The United state Presidential election winner is determined through a system called the electoral college by which states are required to choose electors.
A presidential candidate must be a natural born citizen of the United States, a resident for 14 years, and 35 years of age or older. These requirements do not prohibit women or minority candidates from running.
Each of the 50 states, plus Washington DC, is given a number of electoral college votes, adding up to a total of 538 votes. More populous states get more electoral college votes than smaller ones.
A candidate needs to win 270 electoral college votes (50% plus one) to win the election.
In every state except two – Maine and Nebraska – the candidate that gets the most votes wins all of the state’s electoral college votes.
Sequel to these rules, a candidate can win the election without getting the most votes at the national level. This happened at the last election, in which Donald Trump won a majority of electoral college votes although more people voted for Hillary Clinton across the US.
The legal requirements for presidential candidates have remained the same since the year George Washington accepted the presidency. As directed by the Constitution.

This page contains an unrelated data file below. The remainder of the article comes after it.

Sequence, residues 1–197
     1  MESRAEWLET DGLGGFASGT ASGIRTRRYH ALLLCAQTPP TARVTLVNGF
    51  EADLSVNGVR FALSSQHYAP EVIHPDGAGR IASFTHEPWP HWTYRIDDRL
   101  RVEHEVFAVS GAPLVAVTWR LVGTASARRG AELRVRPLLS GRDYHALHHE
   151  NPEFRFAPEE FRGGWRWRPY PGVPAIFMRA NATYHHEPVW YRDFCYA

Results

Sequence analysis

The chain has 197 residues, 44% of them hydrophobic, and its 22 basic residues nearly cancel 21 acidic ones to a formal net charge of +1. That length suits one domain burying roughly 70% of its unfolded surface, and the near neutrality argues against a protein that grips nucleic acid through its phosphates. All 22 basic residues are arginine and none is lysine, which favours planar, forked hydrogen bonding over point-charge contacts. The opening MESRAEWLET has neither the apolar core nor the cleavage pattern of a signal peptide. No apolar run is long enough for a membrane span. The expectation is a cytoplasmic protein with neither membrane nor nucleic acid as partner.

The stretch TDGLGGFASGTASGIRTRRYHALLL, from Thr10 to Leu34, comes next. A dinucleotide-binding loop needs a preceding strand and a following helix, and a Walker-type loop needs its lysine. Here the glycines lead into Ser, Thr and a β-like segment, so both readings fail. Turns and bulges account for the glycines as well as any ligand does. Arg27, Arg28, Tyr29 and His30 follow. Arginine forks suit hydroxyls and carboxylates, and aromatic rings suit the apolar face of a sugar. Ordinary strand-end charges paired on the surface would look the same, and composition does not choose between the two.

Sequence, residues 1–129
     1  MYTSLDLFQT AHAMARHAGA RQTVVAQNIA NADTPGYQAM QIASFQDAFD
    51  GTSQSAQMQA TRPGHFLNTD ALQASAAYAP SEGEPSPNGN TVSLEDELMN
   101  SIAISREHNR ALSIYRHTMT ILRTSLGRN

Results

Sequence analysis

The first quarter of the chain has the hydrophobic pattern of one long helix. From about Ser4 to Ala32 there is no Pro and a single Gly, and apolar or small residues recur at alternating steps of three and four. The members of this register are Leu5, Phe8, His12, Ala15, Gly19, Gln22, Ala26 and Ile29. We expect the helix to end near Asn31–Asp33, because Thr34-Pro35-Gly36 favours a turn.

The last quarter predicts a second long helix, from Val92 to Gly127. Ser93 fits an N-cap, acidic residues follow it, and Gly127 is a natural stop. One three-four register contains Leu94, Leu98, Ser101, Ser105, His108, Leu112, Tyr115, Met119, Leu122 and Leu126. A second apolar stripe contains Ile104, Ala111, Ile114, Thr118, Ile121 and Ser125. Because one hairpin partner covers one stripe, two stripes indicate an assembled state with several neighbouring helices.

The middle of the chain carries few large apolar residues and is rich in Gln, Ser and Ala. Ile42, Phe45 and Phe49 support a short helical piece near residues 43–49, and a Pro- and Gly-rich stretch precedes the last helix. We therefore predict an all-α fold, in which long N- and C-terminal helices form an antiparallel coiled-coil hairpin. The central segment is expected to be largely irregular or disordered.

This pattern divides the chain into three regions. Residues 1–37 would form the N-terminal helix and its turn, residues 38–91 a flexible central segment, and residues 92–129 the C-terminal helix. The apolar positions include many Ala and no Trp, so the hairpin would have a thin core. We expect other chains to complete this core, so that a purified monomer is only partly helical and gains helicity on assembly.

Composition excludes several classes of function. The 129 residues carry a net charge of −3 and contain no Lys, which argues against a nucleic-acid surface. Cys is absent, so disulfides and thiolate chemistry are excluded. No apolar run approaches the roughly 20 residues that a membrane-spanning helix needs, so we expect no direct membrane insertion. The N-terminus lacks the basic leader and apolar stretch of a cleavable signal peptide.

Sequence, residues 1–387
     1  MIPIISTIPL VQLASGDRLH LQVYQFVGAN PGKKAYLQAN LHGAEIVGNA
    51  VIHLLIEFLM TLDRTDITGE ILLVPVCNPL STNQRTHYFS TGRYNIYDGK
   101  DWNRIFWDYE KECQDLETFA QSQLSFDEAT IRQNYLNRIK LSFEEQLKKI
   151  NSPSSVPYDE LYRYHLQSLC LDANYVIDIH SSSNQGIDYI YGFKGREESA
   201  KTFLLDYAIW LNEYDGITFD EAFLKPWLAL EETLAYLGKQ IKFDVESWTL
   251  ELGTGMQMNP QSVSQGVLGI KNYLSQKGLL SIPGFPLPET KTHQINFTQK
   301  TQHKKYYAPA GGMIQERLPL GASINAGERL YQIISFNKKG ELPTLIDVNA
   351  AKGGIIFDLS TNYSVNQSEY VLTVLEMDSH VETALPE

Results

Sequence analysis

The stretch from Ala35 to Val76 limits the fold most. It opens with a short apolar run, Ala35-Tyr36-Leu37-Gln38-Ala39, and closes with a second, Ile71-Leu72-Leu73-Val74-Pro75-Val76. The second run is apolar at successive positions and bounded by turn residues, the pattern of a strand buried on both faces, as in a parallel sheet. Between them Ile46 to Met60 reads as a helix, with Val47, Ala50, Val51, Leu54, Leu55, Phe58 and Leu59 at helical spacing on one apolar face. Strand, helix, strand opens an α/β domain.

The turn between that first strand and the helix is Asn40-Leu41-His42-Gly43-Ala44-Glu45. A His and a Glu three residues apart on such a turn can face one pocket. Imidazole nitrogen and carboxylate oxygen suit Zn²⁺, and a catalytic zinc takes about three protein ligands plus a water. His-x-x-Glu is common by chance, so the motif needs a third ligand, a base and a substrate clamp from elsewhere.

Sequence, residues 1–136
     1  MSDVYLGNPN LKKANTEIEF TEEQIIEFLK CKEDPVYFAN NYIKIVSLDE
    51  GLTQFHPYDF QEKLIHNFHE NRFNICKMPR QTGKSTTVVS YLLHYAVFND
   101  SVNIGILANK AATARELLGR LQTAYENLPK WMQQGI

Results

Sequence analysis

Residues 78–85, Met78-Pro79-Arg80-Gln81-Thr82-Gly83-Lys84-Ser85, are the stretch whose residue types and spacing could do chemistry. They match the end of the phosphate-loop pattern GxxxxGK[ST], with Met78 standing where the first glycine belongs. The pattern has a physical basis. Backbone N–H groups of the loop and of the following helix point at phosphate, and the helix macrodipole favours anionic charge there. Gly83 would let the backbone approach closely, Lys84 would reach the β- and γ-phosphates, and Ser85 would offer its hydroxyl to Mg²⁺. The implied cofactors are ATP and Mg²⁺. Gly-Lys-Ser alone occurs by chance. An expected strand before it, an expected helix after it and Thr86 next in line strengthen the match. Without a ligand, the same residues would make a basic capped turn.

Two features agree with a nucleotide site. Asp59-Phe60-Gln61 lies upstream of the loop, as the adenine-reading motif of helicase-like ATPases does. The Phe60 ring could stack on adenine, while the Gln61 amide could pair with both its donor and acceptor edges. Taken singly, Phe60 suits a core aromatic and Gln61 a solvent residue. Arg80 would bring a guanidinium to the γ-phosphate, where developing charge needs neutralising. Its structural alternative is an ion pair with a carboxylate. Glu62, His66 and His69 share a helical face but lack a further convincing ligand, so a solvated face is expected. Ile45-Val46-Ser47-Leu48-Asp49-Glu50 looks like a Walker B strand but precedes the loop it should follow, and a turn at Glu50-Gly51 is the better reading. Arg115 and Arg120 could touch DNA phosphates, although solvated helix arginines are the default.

U.S. Constitution, gives all American citizens over the age of 18 the right to vote for electors, who in turn vote for the president. The president and vice president are the only elected federal officials chosen by the Electoral College instead of by direct popular vote.
Each state is allowed to choose as many electors as it has senators and representatives in Congress.
First Monday after the second Wednesday in December of a presidential election year, each state’s electors meet, usually in their state capitol, and simultaneously cast their ballots nationwide. This is largely ceremonial: Because electors nearly always vote with their party, presidential elections are essentially decided on Election Day.
The new president is officially sworn into office on 20 January in a ceremony known as the inauguration, which is held on the steps of the Capitol building in Washington DC.
After the ceremony, the new president makes their way to the White House to begin their four-year term in office.